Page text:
Chuck Landon: MU meets yet another icon of coaching
Sometimes he is worth the price of admission.
Not often, perhaps.
But, on occasion, a coach who is so high-profile or, perhaps, one who even has attained the status of icon, visits Huntington, W.Va., to compete against Marshall University.
And, yes, it's worth buying a ticket just to see a guy everybody has watched on television to prowl the sidelines live and in person.
Again, it doesn't happen frequently, but it actually has occurred more times at a mid-level school like Marshall than most people ever would guess.
One of those times is Wednesday night.
Larry Brown, the only coach in history to win both an NCAA championship and an NBA title, will pay his first visit to the Henderson Center when he leads SMU against Marshall at 7 p.m.
There's no doubt that Brown, who also is the only person to play and also coach in the Olympics, has earned the title of "icon." His resume is beyond reproach, as is the respect Brown receives from his peers.
"I've been in his presence a handful of times. ... different opportunities, like clinics or coaching conventions," said Marshall coach Tom Herrion. "And for all his successes and longevity as a coach, he has always been in it for the right reasons.
"Now, I'm sure he has made a boatload of money throughout his career, but he always had time to continue to teach. ... even with young coaches or just the game. He cares deeply about the game.
"I think that obviously is one of the reasons he's coaching now."
Somehow, I doubt the 72-year-old Brown is at SMU for the money.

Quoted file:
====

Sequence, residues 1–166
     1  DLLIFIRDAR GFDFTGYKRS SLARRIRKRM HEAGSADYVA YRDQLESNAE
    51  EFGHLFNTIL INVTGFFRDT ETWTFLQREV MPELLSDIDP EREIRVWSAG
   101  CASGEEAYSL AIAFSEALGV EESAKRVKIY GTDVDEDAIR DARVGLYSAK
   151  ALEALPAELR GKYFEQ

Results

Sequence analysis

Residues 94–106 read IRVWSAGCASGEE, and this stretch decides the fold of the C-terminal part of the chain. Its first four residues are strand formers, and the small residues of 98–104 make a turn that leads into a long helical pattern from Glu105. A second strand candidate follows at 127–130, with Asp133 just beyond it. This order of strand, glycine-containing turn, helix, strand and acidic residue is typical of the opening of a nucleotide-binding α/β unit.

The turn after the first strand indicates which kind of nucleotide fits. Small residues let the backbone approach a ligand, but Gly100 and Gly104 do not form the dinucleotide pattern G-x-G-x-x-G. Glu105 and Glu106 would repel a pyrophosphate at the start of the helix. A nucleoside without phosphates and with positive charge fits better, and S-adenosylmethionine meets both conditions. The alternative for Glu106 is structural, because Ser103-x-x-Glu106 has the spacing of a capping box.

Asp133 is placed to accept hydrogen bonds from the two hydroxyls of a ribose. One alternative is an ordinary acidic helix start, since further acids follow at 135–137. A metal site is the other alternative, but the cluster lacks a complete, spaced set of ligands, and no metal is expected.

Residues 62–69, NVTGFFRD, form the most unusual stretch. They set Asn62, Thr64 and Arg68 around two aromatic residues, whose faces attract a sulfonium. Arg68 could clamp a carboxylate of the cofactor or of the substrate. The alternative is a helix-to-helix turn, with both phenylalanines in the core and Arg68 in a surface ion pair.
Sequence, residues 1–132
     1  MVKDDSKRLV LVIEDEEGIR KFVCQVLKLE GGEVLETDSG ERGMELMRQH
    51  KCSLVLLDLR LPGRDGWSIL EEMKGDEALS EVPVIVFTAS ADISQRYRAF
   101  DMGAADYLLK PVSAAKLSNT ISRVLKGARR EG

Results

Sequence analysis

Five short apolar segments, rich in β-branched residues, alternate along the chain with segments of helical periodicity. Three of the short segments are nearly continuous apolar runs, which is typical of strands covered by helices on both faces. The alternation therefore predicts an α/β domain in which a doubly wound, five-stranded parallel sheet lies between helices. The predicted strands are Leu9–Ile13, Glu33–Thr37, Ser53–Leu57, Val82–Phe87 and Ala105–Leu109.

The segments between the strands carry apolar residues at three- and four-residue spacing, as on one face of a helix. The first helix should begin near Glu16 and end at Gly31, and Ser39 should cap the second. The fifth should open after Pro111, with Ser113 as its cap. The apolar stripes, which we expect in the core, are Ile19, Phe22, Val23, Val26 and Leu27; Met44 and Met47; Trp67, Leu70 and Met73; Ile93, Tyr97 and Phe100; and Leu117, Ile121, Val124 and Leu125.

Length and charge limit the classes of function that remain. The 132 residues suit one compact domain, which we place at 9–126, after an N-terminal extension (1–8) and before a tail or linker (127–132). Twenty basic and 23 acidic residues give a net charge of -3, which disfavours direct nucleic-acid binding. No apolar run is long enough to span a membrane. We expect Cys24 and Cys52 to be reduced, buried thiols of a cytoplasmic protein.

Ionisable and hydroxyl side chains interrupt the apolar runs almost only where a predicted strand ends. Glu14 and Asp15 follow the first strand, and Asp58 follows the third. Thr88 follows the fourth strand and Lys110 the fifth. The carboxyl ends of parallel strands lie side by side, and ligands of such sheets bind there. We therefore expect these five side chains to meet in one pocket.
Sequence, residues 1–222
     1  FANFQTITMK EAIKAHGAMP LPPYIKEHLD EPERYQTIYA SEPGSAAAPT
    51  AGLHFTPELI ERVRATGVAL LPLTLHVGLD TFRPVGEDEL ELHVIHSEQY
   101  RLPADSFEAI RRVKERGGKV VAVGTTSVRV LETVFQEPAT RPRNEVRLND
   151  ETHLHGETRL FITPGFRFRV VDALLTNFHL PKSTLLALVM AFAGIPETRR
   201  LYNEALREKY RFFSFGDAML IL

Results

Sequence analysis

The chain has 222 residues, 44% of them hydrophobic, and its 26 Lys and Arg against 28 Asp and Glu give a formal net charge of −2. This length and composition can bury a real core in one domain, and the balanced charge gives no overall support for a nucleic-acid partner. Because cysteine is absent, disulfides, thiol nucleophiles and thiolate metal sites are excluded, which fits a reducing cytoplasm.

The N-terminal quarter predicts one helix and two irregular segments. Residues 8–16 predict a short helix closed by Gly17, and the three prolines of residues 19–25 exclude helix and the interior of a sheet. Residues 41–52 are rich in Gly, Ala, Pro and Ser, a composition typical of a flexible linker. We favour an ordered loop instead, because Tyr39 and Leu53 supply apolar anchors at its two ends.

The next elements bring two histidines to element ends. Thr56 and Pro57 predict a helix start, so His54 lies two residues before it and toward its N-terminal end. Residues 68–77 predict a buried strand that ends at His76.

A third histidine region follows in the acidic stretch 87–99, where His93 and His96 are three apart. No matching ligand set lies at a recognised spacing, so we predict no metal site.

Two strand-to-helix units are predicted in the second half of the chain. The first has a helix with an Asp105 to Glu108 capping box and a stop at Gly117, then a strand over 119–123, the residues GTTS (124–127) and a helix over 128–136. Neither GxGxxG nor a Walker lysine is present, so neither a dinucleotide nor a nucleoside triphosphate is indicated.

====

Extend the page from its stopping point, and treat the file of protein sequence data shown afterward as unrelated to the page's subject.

"As much as he's made," said Herrion, "I don't think at this point of his career he's coaching for money. He doesn't have to. I think he has proven over time -- and you can see it in his team -- they try to play the right way."
Perhaps, that's because Brown attempts to coach the right way. It shows in his demeanor.
"He's very stoic on the sidelines. ... very stoic," said Herrion. "He's a Hall of Fame coach. He's an icon in our profession. Obviously, it's a respectful honor that he's playing in our building."
Indeed, it is.
Yet, it's an honor that has occurred several times with several marquee coaches in both the Henderson Center and the gone, but not forgotten, Memorial Field House.
Since I've been writing about Marshall, the list includes such all-time greats as DePaul's Ray Meyer, who coached here during the 1976-77 season; Princeton's Pete Carill (1972-73); Louisville's Denny Crum (1977-78); and Will Robinson, a West Virginia State graduate who was the first black head coach in NCAA Division I history, who brought Illinois State here in 1975.
Then, there has been Memphis' John Calipari, Marquette's Rick Majerus (1983-84), Appalachian State's Bobby Cremins, South Carolina's Bill Foster (1980-81), Wake Forest's Dave Odom, UMass' Steve Lappas, Oklahoma's John MacLeod (1969-70) and Idaho State's Jim Killingsworth (1976-77).
Why, even some notable West Virginia natives have graced Marshall's arenas. They include Old Dominion's Sonny Allen (1973-74), Moundsville; WVU's Gale Catlett, Hedgesville; Georgia's Jim Harrick, Charleston; and East Tennessee State's Les Robinson, St. Albans.
It's quite an impressive list.
Welcome to the club, Coach Brown.
Chuck Landon is a sports columnist for The Herald-Dispatch. Contact him at 304-526-2827 or email@example.com.
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